The more terms of Taylor series we use, the more resemblance we see between the Taylor polynomial and the sine function itself. The first-degree polynomial matches one zero of the sine, and gets the slope right. The third-degree polynomial has three zeros in about the right places.

The fifth-degree polynomial will of course have … wait a moment.

Since all four critical points are in the window, there are no real zeros outside of our view. Adding the fifth-degree term not only fails to increase the number of zeros to five, it even drops it back to the level of . How odd.

Since the sine Taylor series converges uniformly on bounded intervals, for every there exists such that . Then will have the same sign as at the maxima and minima of the latter. Consequently, it will have about zeros on the interval . Indeed, the intermediate value theorem guarantees that many; and the fact that on will not allow for extraneous zeros within this interval.

Using the Taylor remainder estimate and Stirling's approximation, we find . Therefore, will have about real zeros at about the right places. What happens when is too large for Taylor remainder estimate to be effective, we can't tell.

Let's just count the zeros, then. Sage online makes it very easy:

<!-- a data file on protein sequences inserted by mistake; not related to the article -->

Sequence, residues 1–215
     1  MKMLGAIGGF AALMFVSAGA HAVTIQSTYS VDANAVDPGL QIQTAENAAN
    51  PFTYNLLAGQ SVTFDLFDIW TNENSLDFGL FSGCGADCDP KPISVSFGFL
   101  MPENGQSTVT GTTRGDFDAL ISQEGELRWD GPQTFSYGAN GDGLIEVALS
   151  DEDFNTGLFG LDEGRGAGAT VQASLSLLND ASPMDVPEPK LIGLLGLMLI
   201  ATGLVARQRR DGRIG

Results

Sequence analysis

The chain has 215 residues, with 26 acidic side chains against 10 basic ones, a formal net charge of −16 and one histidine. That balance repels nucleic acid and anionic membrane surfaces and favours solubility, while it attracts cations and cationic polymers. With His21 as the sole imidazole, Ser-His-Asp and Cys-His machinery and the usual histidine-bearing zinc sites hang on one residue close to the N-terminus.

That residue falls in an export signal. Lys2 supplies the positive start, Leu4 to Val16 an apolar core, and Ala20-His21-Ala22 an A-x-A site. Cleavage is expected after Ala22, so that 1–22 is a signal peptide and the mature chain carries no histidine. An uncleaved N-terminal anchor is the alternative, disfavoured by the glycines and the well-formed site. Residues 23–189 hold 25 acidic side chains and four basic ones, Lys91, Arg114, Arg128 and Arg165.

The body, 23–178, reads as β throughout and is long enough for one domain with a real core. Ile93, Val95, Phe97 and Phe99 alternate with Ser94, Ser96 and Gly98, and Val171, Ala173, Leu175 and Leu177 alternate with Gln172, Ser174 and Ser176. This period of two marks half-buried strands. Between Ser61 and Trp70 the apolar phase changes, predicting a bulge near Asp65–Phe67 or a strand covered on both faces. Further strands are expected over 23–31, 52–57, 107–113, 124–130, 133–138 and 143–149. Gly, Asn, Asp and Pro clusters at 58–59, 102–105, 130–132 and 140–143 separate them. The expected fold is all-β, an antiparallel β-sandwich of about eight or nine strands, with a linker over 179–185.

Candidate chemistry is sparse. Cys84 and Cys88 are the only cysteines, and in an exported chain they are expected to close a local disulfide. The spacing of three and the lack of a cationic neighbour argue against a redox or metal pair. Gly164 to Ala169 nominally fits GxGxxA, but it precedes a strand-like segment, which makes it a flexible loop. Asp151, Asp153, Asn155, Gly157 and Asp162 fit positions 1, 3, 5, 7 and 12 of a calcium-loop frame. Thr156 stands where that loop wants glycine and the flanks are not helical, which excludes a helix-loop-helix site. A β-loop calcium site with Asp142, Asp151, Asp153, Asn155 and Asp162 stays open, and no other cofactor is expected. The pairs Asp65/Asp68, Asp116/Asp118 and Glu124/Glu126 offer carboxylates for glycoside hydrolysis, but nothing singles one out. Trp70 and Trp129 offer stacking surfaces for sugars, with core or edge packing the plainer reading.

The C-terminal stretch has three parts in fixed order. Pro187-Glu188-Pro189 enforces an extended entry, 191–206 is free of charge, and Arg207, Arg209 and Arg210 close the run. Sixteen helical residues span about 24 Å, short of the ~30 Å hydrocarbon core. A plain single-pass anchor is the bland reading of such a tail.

```
sineroots = [[2*n-1,len(sin(x).taylor(x,0,2*n-1).roots(ring=RR))] for n in range(1,51)]
scatter_plot(sineroots)
```

The up-and-down pattern in the number of zeros makes for a neat scatter plot. How close is this data to the predicted number ? Pretty close.

`scatter_plot(sineroots,facecolor='#eeee66') + plot(2*n/(pi*e),(n,1,100))`

The slope of the blue line is ; the (ir)rationality of this number is unknown. Thus, just under a quarter of the zeros of are expected to be real when is large.

The actual number of real zeros tends to exceed the prediction (by only a few) because some Taylor polynomials have real zeros in the region where they no longer follow the function. For example, does this:

Richard S. Varga and Amos J. Carpenter wrote a series of papers titled *Zeros of the partial sums of and * in which they classify real zeros into *Hurwitz* (which follow the corresponding trigonometric function) and *spurious*. They give the precise count of the Hurwitz zeros: for the sine and for the cosine. The total number of real roots does not appear to admit such an explicit formula. It is the sequence A012264 in the OEIS.